"Not six months, not six years."
The people of this country did not know how to react to the “I will eradicate drugs, corruption, and crime” declaration that presidential candidate Rodrigo Duterte made four years ago during the course of the 2016 campaign. They did not know whether they should laugh at Mr. Duterte or take him seriously. Here was a former city mayor, prosecutor, and member of the House of Representatives making to the nation a promise that was outrageous and patently unrealizable.
Four years later, they have come full circle. A few weeks ago, President Rodrigo Duterte admitted to the nation that he had given up trying to eradicate corruption and that he was considering resigning from the presidency. Two stunning declarations, made four years apart: The first saying that he thought he could eradicate corruption and would try to do the job in quick order, and the second saying that he was giving up because he had come to the realization that, four years later, the job could not be done.
Duterte got his first taste of governmental corruption very early in his presidency. Hardly had they warmed their seats at the Bureau of Immigration than two deputy commissioners were charged with extorting P50 million from an about-to-be-deported honcho of the illegal drugs trade. That scandal was followed in quick succession by others at the Bureau of Customs, Philippine Drug Enforcement Agency, Bureau of Corrections, and other front-line government agencies.
Corruption now seems to be all over the place. The nation’s civil servants seem unafraid of President Duterte’s rants about corruption. The air is more than full of whiffs of wrongdoing – what the Chief Executive has said would cause him to quickly fire scoundrels in government – and cases are piling up at the Office of the Ombudsman.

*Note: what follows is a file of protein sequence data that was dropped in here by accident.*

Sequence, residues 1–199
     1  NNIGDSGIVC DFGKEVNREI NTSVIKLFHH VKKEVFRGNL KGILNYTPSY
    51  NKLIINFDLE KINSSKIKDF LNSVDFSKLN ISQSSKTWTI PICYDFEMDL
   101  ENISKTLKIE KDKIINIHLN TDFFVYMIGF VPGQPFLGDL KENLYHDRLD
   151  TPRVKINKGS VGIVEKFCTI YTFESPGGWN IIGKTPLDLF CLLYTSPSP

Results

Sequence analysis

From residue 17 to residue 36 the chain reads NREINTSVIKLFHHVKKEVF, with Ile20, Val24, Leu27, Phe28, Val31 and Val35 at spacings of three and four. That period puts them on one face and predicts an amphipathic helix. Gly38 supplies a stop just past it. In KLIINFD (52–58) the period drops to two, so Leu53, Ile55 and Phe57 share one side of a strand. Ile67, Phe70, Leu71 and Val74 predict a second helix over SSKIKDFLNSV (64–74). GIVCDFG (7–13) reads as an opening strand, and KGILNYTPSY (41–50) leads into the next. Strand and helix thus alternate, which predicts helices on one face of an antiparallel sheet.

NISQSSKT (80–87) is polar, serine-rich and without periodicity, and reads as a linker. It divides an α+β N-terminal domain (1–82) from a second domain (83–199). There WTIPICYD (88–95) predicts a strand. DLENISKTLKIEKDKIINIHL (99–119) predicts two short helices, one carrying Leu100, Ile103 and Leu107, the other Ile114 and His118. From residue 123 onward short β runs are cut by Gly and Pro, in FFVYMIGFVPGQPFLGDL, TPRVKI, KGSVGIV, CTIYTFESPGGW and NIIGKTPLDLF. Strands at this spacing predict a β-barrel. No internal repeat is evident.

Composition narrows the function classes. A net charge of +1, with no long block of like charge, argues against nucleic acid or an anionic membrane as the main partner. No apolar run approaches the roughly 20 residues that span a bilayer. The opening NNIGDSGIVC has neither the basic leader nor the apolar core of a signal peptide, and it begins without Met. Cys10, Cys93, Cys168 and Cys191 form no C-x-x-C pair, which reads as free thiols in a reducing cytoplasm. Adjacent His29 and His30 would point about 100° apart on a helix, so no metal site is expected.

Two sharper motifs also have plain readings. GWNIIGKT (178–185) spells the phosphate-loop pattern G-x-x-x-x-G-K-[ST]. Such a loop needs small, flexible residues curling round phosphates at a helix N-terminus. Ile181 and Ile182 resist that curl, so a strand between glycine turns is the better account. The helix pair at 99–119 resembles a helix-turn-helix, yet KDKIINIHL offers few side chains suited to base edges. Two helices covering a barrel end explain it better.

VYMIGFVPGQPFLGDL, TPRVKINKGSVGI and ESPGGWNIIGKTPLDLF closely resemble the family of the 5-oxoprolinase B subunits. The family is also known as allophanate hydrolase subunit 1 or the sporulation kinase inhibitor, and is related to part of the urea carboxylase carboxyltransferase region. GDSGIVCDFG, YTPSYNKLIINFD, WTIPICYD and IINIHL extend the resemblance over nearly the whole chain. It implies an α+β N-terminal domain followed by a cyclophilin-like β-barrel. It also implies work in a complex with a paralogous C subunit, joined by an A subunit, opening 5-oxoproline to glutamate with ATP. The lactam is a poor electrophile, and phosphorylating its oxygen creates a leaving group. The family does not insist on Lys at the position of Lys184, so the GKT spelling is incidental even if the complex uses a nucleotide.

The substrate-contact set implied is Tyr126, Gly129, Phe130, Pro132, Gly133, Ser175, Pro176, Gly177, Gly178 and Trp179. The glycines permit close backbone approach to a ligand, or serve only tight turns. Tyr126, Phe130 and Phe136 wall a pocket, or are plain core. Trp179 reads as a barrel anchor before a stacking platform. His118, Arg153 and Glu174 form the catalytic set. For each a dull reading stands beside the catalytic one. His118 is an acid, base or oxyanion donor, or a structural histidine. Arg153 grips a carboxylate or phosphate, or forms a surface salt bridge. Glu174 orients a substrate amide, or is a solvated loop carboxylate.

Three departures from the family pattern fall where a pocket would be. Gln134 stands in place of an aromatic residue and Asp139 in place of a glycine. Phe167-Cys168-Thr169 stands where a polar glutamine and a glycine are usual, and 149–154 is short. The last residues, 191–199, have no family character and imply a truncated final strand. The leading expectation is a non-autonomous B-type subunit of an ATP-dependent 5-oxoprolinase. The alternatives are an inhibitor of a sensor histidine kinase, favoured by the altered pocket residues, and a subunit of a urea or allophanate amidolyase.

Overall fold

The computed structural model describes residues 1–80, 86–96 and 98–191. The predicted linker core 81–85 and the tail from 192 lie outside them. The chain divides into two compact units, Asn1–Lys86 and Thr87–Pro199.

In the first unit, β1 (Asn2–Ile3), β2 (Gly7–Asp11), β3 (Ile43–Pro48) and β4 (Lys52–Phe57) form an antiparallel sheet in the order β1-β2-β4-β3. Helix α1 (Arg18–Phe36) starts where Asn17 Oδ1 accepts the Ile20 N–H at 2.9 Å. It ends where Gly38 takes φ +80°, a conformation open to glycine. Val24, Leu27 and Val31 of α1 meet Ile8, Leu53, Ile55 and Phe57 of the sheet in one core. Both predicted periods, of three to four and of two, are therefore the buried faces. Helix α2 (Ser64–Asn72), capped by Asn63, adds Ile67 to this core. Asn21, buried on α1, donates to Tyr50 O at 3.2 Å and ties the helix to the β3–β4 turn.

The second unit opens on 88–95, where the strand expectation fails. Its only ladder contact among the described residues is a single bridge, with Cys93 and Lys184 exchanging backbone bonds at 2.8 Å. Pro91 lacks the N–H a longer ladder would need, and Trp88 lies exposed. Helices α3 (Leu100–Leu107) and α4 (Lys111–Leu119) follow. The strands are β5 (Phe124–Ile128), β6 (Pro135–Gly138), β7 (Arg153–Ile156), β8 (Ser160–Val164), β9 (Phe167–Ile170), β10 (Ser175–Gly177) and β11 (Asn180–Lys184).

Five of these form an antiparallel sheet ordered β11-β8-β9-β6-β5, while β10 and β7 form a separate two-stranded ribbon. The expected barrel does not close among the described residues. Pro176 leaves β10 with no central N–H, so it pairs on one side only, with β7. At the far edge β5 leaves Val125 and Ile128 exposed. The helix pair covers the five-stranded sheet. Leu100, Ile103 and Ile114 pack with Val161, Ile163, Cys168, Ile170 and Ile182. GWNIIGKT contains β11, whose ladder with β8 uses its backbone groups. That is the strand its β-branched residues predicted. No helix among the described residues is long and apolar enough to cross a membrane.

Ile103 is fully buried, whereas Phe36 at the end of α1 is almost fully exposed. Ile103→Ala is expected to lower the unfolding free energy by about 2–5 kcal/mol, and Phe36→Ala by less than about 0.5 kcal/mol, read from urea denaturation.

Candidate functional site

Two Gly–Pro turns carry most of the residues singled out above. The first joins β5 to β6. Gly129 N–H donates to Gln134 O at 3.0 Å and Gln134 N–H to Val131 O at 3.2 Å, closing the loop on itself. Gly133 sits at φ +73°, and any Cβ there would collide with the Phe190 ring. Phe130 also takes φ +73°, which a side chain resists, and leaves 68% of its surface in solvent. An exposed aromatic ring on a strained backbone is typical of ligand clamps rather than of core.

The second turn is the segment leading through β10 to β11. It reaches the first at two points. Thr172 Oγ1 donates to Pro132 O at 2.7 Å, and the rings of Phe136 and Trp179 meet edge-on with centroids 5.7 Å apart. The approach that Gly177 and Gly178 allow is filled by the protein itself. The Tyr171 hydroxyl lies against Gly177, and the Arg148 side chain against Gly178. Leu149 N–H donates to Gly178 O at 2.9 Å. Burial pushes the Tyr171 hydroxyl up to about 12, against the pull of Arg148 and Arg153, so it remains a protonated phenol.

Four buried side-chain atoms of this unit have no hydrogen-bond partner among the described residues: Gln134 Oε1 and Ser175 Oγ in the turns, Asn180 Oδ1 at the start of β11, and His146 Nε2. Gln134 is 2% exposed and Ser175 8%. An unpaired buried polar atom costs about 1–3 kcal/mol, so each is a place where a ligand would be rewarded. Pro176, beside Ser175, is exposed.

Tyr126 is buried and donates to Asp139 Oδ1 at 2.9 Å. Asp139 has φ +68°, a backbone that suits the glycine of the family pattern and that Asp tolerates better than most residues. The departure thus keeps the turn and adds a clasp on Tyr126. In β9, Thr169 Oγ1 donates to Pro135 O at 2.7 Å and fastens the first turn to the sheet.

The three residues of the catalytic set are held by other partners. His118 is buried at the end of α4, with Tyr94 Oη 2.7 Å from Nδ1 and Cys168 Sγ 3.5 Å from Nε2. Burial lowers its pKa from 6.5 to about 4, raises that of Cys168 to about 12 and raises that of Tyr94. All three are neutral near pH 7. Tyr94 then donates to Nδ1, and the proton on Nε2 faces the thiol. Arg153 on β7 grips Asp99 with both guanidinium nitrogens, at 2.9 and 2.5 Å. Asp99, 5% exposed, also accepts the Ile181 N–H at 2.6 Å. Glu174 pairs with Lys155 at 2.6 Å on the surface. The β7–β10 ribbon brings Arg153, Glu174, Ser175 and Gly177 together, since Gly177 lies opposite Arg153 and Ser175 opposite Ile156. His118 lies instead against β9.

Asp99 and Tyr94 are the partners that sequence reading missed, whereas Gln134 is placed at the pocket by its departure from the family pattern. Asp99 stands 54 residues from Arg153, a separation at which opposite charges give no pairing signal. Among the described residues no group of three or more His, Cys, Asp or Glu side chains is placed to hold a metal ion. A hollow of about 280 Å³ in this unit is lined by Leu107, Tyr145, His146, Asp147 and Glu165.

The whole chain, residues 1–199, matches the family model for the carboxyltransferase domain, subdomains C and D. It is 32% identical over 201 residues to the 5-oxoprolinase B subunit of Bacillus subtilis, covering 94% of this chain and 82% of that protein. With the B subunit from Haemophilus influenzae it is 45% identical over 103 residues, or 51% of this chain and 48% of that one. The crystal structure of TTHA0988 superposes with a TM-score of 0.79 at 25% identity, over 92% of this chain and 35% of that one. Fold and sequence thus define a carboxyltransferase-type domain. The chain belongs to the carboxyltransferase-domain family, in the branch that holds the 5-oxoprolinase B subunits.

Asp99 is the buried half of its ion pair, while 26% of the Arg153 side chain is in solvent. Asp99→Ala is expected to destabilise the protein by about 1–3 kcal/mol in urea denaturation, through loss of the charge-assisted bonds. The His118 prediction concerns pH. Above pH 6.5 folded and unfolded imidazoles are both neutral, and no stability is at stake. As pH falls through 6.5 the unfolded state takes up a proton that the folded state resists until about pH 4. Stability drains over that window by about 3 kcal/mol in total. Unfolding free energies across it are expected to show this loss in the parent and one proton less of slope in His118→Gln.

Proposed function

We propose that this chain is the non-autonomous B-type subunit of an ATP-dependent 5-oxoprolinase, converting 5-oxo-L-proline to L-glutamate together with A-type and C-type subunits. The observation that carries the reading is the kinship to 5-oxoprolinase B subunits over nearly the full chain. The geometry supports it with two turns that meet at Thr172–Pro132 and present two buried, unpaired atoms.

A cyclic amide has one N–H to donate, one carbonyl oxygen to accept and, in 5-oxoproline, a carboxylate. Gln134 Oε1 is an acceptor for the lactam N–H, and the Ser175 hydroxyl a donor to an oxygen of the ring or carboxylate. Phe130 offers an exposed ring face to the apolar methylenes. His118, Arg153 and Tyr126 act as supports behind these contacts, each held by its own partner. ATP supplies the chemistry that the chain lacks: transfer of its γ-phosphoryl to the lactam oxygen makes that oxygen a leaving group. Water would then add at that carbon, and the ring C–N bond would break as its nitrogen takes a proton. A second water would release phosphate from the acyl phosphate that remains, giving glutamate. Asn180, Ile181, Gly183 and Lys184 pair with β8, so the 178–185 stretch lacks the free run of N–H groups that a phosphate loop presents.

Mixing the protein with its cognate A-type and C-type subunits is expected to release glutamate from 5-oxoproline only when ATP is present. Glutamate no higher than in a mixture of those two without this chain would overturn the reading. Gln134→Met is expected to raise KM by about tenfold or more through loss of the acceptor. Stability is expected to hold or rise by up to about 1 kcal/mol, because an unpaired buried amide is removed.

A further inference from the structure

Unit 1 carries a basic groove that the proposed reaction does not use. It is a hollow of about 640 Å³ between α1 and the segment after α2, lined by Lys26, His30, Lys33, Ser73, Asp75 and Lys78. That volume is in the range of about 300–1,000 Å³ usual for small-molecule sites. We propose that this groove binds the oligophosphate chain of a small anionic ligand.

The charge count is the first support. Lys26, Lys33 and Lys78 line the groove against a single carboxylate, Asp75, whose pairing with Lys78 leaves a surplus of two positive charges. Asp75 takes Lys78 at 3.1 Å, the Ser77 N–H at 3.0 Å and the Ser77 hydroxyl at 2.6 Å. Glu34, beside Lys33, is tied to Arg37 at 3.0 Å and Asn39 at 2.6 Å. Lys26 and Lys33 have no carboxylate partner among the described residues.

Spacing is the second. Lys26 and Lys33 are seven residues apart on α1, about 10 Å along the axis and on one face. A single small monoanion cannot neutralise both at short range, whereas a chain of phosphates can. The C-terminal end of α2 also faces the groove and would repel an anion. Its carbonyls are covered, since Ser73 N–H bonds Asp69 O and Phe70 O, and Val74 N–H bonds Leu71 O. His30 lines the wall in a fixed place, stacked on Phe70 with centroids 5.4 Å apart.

By far, the greatest blow sustained by Mr. Duterte’s corruption-eradication effort has been that delivered by the scandal at the Philippine Health Insurance Corporation, which is the implementing institution for the Universal Health Care Act. The PhilHealth mess is one of the worst in the history of Philippine corruption; it involves tens of billions of pesos.
Until his removal, PhilHealth was headed by one of President Duterte’s favorite nominees for high government offices – newly retired military and police generals. Several dozen PhilHealth officials have been recommended for prosecution by a Department of Justice task force.
PhilHealth will not be the last corruption scandal that will hit the Duterte administration. There are likely to be several more.
Given the history, culture, and governance structure of this country, eradicating corruption can, with the consistent exercise of political will, be accomplished. But a six-month time frame is out of the question. Mr. Duterte’s experience has shown that six years would be problematic and may be insufficient.
For the Filipino people, the Constitutional precept of separation of powers has meant separation of corruption. They see corruption not only in the Executive Department but also in the Legislature – the haggling and cheating over budgetary pork is a prime example – and crooked judges continue to be the bane of the Judiciary’s existence.
The huge problem that is corruption is the result of many causes. Some of the causes are deeply ingrained; others are easily avoidable.
For starters, President Duterte can stop issuing statements like “He (or she) still enjoys my trust” in those instances when a public official has clearly been corrupt, incompetent or criminally negligent. Then, there is the practice of simply transferring a manifestly corrupt official from one position to another when that official comes under fire. The case of former military officer Nicanor Faeldon is an excellent case in point. And there is also the practice of appointing newly retired generals and colonels to choice government posts. The Chief Executive should appoint men and women with track records of honesty and competence, preferably career officials, who have proven themselves.
Eradicating corruption in this country may not be a six-year undertaking. Definitely, it is not a six-month effort.